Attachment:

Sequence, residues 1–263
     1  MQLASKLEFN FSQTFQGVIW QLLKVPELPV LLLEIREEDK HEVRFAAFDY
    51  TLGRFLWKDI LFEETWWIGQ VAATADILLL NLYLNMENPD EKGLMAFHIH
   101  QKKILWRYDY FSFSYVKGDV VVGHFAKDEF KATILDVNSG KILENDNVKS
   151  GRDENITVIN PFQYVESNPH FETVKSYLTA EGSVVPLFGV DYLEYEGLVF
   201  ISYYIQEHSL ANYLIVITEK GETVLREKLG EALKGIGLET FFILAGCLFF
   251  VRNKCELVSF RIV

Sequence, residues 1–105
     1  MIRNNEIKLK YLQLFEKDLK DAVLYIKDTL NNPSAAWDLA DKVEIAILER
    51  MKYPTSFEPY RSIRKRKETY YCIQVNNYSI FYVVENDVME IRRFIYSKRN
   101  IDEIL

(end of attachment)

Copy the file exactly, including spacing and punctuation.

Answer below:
Sequence, residues 1–263
     1  MQLASKLEFN FSQTFQGVIW QLLKVPELPV LLLEIREEDK HEVRFAAFDY
    51  TLGRFLWKDI LFEETWWIGQ VAATADILLL NLYLNMENPD EKGLMAFHIH
   101  QKKILWRYDY FSFSYVKGDV VVGHFAKDEF KATILDVNSG KILENDNVKS
   151  GRDENITVIN PFQYVESNPH FETVKSYLTA EGSVVPLFGV DYLEYEGLVF
   201  ISYYIQEHSL ANYLIVITEK GETVLREKLG EALKGIGLET FFILAGCLFF
   251  VRNKCELVSF RIV

Sequence, residues 1–105
     1  MIRNNEIKLK YLQLFEKDLK DAVLYIKDTL NNPSAAWDLA DKVEIAILER
    51  MKYPTSFEPY RSIRKRKETY YCIQVNNYSI FYVVENDVME IRRFIYSKRN
   101  IDEIL